adventures in museum-going

Category Archive: The Big Idea

  1. Day 5: Air & Space!

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    Air and Space is, hands down, my favorite museum on Earth (so far, anyway). So I was really, really excited to visit today, and even more excited to meet Beatrice Mowry, the Chair of Exhibit Design and Technology. As has been the case with most of our guest speakers this week, she was full of interesting insights as to the way NASM gets the exhibits work done.

    I especially liked having her perspective as we walked through the museum. This was a different kind of tour. Unlike when we walked through Damage Control with its curator, Beatrice didn’t interpret objects for us or talk about the galleries from an object-oriented perspective. Instead, she talked about the unique challenges of getting airplanes strung from a glass ceiling and keeping the Plexi surrounding displayed spacecraft clean.

    It was gratifying to hear her talk about the many changes upcoming at the NASM — after a 30-year career in that museum, she seemed genuinely excited about what’s coming up in the next decade or so! After many people commenting on lack of funding, low visitor numbers and other realities of museum work, to hear Beatrice (who also mentioned funding challenges, to be fair) genuinely amped about her work was a nice change of pace!

    Air & Space — more specifically, wanting to work there — is how I found out about this program (digging through the Smithsonian’s website looking for ways to get involved led to a museum studies program listing) and is also one of the reasons I’m in it. So it was especially nice to revisit the museum (between Udvar-Hazy and the Mall facility, this is my fifth visit in three years) and be reminded of what got me started in the first place. In a lot of ways, it helped quell the discouragement I felt yesterday!

  2. Day 2: The rocks, they resonate

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    The last thing I expected from a lecture in this course was a story about cows, but that’s what we got today — a story about Jersey cows at Winterthur. Stephanie was relating a story in which she, somewhat frustrated with what amounted to a field trip to the area, was made to care about it because of the Jersey cows that once resided there. Turns out, her family used to raise cows.

    She told us this story in order to make the point that in order to get visitors to care about your museum or exhibit, you need to give them something that resonates personally. For her, it was Winterthur’s cows. For me, it’s minerals.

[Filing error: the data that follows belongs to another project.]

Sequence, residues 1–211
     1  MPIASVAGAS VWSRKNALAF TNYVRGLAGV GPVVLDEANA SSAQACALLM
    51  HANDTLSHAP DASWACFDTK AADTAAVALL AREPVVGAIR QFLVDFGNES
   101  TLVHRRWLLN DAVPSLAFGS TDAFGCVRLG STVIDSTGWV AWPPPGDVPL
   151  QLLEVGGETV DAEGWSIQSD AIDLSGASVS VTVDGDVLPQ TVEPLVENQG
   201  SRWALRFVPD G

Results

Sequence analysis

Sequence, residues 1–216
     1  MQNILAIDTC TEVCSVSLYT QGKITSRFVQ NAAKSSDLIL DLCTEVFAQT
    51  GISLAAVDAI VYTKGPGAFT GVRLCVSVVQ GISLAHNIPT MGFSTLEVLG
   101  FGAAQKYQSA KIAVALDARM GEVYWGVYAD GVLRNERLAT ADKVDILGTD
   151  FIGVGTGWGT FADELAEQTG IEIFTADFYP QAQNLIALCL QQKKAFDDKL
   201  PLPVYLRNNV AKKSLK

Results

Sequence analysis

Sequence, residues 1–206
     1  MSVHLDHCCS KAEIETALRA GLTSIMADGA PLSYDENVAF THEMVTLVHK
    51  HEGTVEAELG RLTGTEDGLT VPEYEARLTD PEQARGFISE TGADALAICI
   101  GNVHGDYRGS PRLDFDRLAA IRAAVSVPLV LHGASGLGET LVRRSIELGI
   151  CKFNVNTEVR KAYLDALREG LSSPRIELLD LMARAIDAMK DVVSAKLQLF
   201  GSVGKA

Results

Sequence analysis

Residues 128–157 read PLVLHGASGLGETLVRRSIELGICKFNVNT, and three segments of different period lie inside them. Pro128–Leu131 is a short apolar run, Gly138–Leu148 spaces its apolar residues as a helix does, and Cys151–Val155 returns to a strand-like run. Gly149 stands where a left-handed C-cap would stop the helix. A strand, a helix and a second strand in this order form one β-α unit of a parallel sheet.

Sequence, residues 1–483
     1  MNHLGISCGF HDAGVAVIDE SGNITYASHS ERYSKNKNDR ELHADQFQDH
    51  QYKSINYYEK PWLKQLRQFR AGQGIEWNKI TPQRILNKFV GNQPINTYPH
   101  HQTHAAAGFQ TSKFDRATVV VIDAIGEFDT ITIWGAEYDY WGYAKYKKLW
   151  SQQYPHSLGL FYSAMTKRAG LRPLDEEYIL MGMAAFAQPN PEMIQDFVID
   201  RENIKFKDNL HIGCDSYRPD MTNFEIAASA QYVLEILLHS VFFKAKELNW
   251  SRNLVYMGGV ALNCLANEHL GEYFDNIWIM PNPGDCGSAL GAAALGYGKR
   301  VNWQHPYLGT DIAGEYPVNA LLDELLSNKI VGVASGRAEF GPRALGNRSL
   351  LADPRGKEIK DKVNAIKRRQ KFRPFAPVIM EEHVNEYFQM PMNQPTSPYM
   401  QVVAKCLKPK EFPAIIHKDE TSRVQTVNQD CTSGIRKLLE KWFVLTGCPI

We went to the NMNH‘s new Q?rius space, which opened in December 2013 — not all that long ago, and it shows. It’s bright and shiny and new, and best of all, filled with lovely objects from the museum’s collections. There’s a whole area where you can open drawer after drawer of specimens, and actually touch them. Mind, blown.


    Set loose in the collection, I came across a chalky grey mineral that looked strikingly familiar. My father is a geologist, and his father was before him — and a well-known one (pdf), at that. My grandfather spent a good portion of his life collecting minerals, which my father inherited. It’s now proudly displayed in his living room, backlit on specially-built shelves.

    So for Christmas, I gave Dad a stibnite specimen I’d found at the AGU meeting in San Francisco. That chalky grey specimen in Q?rius? An amazing piece of stibnite, with big crystal formations and a lovely iridescence.

    I can spend time in art museums and appreciate the work, but they’re not my favorites. However, put me in a natural history or science museum and I’m 100% in especially if I can handle the objects.

    So, basically, the rock resonated — and imagine my delight when I found out that my team was considering using a mineral as the primary object for our exhibit!

    We chose this piece of tourmaline:

    Not only does tourmaline hit home for me because it’s a mineral, but also because this particular stone has significance for me — a few years before he died, my grandfather gifted his four granddaughters and his wife each with a lovely, deep-green tourmaline ring. You may notice that our specimen is deep green!


    We put it under the microscope to get a better look at the crystals and the matrix and found that our object has a bunch of tiny little crystals around the larger ones, and also a luminescence when viewed in the proper light — it turns amber-colored.

    Because I knew that tourmaline is used as a gemstone in jewelry, and also that it comes in a ton of different colors (my jeweler side definitely kicked in today as well), I suggested that we visit the gem exhibit in the museum, where we discovered case after case after case of gorgeous mineral specimens, both in their raw and cut forms.


    Would I have had a similarly strong response to Q?rius and this museum without Stephanie’s lecture, and emphasis on resonance? Yes, absolutely — this is the stuff I love. But I don’t think I would have been thinking about it with the same frame of mind. I was keenly aware of how I was reacting to the objects at hand, and I think if we remember that idea of resonance as we work these two weeks that our final project will be much stronger.